Driving in Cars With Friends – The New Face of Teen Distracted Driving

Recent studies performed by researchers at the Children's Hospital of Philadelphia and State Farm insurance have released results confirming what many of us already suspect, teenagers are not great drivers. In fact, according to findings published in the Journal of Adolescent Health, teen drivers are four times more likely to be involved in motor vehicle accidents and fatal car accidents than their adult counterparts.

Some Teens Pose Greater Risk

In looking at the reasons for teen car accidents, distracted driving was consistently at the top of the list. Distraction can come in many forms, although people are often most familiar with the dangers of talking or texting on cell phones while behind the wheel. Young drivers are not immune to this distraction and cell phone use continues to be a leading cause for teen motor vehicle accidents.

A finding that may be more surprising to some was that passengers in vehicles with teen drivers create a dangerous distraction that can lead to serious motor vehicle crashes; 71 percent of teen male and 47 percent of teen female drivers interviewed admitted to being distracted by their passengers. Males seemed particularly affected by friends in their cars and were six times more likely to drive aggressively, recklessly or commit traffic infractions than solo drivers.

The study also identified certain types of personalities as being more likely to drive with friends in their vehicles, namely teens who seemed unaware of the responsibilities that come with operating a motor vehicle and who have little parental guidance or supervision. Researchers described teens possessing these types of personality similarities as "thrill-seekers." However, researchers also expressed that teens exhibiting risky behaviors comprise the minority of young drivers.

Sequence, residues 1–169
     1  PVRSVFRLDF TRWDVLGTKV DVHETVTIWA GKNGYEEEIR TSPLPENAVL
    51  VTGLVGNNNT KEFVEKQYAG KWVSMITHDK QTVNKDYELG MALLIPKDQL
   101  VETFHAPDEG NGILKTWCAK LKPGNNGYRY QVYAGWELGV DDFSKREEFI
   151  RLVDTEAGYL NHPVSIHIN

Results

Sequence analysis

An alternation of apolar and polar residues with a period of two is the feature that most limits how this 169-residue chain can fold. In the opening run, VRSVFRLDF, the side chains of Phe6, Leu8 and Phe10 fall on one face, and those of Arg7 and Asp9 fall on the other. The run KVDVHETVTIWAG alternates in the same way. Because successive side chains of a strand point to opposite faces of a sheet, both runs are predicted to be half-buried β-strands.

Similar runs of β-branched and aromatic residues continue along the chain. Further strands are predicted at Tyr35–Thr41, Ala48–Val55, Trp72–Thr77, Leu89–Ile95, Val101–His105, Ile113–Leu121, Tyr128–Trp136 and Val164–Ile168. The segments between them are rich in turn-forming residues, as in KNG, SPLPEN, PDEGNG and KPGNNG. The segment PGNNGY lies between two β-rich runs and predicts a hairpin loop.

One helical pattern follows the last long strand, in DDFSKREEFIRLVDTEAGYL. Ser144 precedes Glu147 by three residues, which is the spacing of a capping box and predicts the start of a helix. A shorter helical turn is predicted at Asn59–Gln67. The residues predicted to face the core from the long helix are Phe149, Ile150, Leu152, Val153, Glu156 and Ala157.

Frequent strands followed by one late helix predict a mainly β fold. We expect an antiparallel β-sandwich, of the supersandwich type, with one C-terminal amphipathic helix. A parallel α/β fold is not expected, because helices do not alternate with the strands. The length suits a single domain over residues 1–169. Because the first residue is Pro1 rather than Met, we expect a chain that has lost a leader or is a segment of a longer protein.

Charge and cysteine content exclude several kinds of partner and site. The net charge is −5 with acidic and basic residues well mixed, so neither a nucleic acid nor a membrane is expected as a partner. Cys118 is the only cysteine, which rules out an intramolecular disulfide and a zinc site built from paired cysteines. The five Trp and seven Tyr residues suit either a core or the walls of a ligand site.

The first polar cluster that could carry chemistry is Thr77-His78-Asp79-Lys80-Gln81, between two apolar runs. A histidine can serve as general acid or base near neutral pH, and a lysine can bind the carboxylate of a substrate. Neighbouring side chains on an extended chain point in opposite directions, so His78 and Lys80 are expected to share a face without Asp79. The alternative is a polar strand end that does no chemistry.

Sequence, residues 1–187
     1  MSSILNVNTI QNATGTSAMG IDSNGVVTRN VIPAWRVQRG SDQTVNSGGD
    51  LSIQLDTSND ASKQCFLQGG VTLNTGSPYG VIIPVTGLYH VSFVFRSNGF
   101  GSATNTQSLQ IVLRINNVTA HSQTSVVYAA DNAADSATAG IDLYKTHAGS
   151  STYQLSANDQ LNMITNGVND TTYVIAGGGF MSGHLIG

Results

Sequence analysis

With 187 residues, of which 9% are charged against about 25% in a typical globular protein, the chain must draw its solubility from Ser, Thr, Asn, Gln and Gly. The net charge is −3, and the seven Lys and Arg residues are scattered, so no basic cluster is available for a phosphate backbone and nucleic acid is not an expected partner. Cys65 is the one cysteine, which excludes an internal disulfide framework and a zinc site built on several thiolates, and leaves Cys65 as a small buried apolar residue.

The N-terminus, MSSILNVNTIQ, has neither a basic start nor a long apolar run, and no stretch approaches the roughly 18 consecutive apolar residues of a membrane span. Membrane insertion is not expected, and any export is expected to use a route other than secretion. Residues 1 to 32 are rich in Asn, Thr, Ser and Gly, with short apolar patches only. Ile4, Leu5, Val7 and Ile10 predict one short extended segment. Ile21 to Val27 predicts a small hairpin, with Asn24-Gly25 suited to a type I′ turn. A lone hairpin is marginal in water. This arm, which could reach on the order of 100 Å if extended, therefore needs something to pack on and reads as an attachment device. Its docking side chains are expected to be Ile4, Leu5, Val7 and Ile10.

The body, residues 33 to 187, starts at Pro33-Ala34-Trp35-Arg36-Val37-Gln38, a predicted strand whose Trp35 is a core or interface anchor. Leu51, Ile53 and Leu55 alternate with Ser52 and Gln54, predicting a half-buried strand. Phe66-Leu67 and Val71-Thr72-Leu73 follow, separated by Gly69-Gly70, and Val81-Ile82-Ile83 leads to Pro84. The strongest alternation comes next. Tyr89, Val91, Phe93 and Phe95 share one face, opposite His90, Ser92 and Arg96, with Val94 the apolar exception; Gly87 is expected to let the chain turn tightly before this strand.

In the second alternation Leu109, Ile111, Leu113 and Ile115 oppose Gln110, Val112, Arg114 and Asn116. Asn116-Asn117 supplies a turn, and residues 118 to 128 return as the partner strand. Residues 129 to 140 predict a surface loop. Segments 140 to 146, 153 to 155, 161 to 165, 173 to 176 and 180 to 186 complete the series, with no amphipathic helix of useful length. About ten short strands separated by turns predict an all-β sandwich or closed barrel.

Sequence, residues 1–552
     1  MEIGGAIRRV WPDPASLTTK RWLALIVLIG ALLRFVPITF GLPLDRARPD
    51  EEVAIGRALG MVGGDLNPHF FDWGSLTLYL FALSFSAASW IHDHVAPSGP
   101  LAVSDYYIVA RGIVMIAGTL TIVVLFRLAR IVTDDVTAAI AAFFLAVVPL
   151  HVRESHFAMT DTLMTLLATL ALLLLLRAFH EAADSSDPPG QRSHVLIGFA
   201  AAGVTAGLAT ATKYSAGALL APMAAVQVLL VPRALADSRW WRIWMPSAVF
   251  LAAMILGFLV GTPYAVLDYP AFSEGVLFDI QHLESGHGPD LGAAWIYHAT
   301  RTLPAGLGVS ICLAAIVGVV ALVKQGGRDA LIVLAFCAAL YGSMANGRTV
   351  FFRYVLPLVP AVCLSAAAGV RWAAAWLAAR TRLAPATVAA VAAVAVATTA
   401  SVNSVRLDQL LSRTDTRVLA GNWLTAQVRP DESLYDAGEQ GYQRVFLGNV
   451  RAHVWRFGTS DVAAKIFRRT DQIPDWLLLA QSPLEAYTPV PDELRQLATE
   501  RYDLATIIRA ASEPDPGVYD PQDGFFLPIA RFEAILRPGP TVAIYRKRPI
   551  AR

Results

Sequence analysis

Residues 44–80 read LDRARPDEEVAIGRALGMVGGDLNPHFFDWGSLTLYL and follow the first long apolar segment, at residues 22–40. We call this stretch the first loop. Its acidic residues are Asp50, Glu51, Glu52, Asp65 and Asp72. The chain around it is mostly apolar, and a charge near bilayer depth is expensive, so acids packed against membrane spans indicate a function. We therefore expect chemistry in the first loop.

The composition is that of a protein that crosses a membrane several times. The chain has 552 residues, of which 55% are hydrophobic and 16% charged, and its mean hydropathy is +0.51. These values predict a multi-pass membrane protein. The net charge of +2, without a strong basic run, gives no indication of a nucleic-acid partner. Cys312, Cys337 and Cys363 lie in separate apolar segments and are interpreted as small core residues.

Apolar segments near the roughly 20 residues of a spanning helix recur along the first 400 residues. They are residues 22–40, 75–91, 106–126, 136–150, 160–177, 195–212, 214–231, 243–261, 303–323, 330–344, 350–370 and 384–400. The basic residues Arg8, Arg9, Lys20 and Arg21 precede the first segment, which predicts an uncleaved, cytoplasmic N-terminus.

Keeping Teen Drivers Safe

So what can parents do to keep their teens safe while driving? Even the most responsible teens can be unaware of the affect friends can have on them while driving. New drivers do not have enough experience managing operating a vehicle, obeying traffic rules and reacting to weather or emergency conditions to add in a car full of friends. For these reasons, parents need to set specific rules for their teens. This includes limiting the number of peers they can have in their cars. Safety advocates recommend having no passengers for at least the first 6 months for new drivers and then only allowing one passenger for the rest of the year. Parents also need to continue to monitor their teens driving habits and promote safety.

Some other safety tips for parents include:

  • Lead by example and practice safe driving
  • Teach your teen about Nevada's driving laws
  • Talk about dangerous or hazardous driving situations
  • Create a parent/teen driving contract
  • Create a checklist for what steps to take after a car accident

Car accidents are the number one killer of teens in the United States each year. Parents need to understand the risks posed by young drivers and to take steps to help keep their child safe and lessen the chance of being involved in a serious collision.